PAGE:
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Streaming teares that never stint,
Like pearle drops from a flint,
Fell by course from his eies,
That one anothers place supplies.
Thus he grieved in every part,
Teares of bloud fell from his heart,
When he left his prettie boy,
Fathers sorrow, fathers joy.

Weepe not, my Wanton, smile upon my knee,
When thou art old theres griefe enough for thee.

The wanton smilde, father wept,
Mother cried, babie lept;
Now he crowd more he cride,
Nature could not sorrow hide ;
He must goe, he must kisse
Childe and mother, babie blisse,
For he left his prettie boy,

Fathers sorrow, fathers joy.
Weepe not, my Wanton, smile upon my knee,
When thou art old theres griefe enough for thee.

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There is a simple neatness and melody in the following lines, not often to be met with in the poetry of this period.


When tender ewes brought home with evening sunne,

Wend to their foldes,

And to their holdes,
The shepheards trudge, when light of daie is done,


Upon a tree
The eagle, Joves fierce bord did pearch,

There resteth he.
A little fie his harbour then did search,
And did presume, though others laught thereat,
To pearch whereas the princely eagle sate.
The eagle frownd; and shooke his royal wings,

And chargd the fie

From thence to hie.
Afraid, in haste the little creature flings,

Yet seekes againe,
Fearefull to pearch him by the eagles side,

With moodie vaine
The speedie poste of Ganimede replide,
Vassaile avaunt, or with my wings you die;
Is't fit an eagle seate him with a flie?
The flie cravd pittie, still the eagle frownde,

The seely flie,

Readie to die,
Disgraced, displacde, fell groveling to the ground.

The eagle saw,
And with a royal minde saide to the flie,

Be not in awe,
I scorne by me the meanest creature die;
Then seate thee here; the joyful flie up flings, ,
And sate safe shadowed with the eagles wings.

The following sprightly ballad is taken from his “Ciceronis Amor, or Tullies Love. 1616.” Mars in a fury against loves brightest queene,

Put on his helm, and tooke him to his launce,
On Erecynus mount was Mavours seene,
And there his ensignes did tl:e God advance,



And by heavens greatest gates he stoutly swore,
Venus should dye, for she had wrongd him sore.

Cupid heard this, and he began to cry,

And wisht his mothers absence for a while.
Peace, foole, quoth Venus, Is it I must dye?

Must it be Mars? with that she coynd a smile,
She trimmed her tresses, and did curle her haire,
And made her face with beautie passing faire.

A fan of silver feathers in her hand,

And in a coach of Ebony she went,
She past the place where furious Mars did stand,

And unto her lookes a lovely smile she sent.
Then from her browes lept out so sharp a frowne,
That Mars, for feare, threw all his armour downe.

He vowd repentance for his rash misdeed,

Blaming his choler that had causd his woe.
Venus grew gracious, and with him agreed,

But chargd him not to threaten beautie so,
For womens lookes are such enchanting charmes,
As can subdue the greatest gods in armes.

The lines which succeed are from Greene's "Never too late,” by which, as well as from the contents of the book, the author inculcates. the maxim, that it is never too late to repent.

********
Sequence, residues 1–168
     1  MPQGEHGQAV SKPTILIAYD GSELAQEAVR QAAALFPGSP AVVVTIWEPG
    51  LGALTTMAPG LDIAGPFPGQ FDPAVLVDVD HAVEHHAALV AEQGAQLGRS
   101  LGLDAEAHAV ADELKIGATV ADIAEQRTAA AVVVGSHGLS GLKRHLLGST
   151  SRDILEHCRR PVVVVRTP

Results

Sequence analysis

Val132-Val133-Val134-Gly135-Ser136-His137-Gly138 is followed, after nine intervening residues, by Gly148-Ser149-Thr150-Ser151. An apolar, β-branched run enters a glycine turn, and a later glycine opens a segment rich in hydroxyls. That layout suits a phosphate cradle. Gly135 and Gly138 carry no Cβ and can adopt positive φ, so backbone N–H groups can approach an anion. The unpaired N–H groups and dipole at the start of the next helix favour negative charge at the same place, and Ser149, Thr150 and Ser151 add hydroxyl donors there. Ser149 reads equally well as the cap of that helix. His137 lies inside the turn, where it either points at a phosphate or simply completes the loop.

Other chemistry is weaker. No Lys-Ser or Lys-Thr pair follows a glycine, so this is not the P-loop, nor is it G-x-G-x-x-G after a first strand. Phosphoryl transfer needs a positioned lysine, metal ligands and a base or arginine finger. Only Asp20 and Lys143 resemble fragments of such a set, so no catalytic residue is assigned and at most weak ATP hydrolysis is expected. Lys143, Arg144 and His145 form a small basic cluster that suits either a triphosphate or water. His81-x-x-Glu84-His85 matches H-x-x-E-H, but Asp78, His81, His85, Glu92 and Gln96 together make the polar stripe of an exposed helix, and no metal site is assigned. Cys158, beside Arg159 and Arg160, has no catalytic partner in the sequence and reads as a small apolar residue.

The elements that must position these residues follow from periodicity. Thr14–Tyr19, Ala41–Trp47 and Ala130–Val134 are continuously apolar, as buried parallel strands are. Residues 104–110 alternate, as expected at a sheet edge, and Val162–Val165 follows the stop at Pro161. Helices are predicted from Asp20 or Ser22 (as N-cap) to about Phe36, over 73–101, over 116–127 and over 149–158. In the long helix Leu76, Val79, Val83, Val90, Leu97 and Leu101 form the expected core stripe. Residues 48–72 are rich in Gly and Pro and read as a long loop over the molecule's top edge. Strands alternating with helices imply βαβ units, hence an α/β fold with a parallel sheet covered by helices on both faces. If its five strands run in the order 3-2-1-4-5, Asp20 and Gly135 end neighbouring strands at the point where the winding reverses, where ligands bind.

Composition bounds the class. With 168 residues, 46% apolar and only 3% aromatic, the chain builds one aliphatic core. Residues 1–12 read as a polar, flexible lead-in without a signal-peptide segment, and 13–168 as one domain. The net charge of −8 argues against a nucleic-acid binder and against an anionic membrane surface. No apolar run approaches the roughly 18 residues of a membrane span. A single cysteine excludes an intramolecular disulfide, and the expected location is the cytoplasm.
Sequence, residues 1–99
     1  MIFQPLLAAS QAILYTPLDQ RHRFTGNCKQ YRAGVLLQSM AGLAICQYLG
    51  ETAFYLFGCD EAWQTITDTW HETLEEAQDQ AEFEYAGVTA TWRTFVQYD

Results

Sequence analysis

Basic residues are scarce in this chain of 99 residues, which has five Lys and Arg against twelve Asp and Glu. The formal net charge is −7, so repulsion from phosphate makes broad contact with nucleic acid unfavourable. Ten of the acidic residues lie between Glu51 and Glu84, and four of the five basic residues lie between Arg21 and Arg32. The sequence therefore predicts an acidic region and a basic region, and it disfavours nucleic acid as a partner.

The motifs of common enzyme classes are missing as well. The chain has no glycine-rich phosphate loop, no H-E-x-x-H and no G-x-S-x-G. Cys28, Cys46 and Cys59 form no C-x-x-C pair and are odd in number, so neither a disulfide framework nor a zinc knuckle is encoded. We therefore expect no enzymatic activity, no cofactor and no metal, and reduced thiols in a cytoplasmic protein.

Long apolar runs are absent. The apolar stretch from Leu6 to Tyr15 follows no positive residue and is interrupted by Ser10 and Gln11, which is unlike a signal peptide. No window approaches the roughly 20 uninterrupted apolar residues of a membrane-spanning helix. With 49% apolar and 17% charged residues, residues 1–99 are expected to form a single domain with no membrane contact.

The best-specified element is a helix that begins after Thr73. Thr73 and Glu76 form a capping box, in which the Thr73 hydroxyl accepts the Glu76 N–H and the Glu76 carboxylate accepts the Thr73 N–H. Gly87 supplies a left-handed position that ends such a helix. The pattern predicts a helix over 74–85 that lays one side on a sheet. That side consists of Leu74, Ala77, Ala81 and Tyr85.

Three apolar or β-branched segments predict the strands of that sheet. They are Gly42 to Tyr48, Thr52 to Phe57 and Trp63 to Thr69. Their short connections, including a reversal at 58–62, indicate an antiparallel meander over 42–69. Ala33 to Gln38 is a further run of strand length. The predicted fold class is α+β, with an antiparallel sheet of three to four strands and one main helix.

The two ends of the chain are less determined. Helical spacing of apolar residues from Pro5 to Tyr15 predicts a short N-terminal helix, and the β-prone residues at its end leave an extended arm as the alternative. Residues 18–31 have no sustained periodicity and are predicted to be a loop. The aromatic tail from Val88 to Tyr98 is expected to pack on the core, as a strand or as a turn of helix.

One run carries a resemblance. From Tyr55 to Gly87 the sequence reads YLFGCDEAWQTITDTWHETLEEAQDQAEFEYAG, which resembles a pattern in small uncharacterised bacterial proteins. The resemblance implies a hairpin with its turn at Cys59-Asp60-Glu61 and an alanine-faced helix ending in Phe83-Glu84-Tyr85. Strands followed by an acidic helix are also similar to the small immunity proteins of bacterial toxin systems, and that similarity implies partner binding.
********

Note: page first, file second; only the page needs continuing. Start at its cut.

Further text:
With sweating browes I long have plowd the sand;

My seed was youth, my crop was endlesse care,
Repentance hath sent home with empty hand
At last to tell how rife our follies are,



And time hath left experience to approove,
The gaine is griefe to those that traffique love.

The silent thought of my repentant yeeres

That fill my head, have calld me home at last, Now love unmaskt a wanton wretch

appeares, Begot by guileful thoughts with over hast.

In prime of youth a rose, in age a weed,
That for a minutes joy payes endlesse meed.

Dead to delights, a foe to fond conceit,

Alied to wit by want and sorrow bought,
Farewell fond youth long fostred in deceit,
Forgive me time disguised idle thought,

And love adew: to hasten to my end,
I finde no time too late for to amend.

It is impossible not to lament with strong emotions of pity, that a man should perish in premature age, the victim of licentiousness and intemperance, who was capable of enforcing, with earnestness, such rules as these for the regulation of his conduct.

“ Let Gods worship be thy mornings worke, and his wisdome the direction of thy dayes labour.

Rise not without thankes, nor sleepe not without repentance.

Choose but a few friends, and try those;, for the flatterer speakes fairest.

If thy wife be wise, make her thy secretary; else locke thy thoughts in thy heart, for women are seldome silent.

If she be faire, be not jcalous; for suspition cures not womens follies.

If she be wise, wrong her not; for if thou lovest others she will loath thee.

Let thy childrens nurture be their richest portion: for wisdome is more precious than wealth.

Be not proude amongst thy poore neighbours; for a poore mans hate is perillous :

Nor too familiar with great men; for presumption winnes disdaine.”

I here take my leave of Robert Greene, and I confess, not without reluctance. I have been highly entertained with many of his performances, I feel a great respect for his talents, much disgust at his profligacy, but a sincere concern for his misfortunes.


NEXT to the miserable and wretched Greene, I do not know who can follow with greaier propriety than the man who knew him well, and who, perhaps, not altogether undeservedly, was, from principle, his determined and implacable adversary.

The contests, squibs and pamphlets, between Nash and Greene and Harvey, at one time


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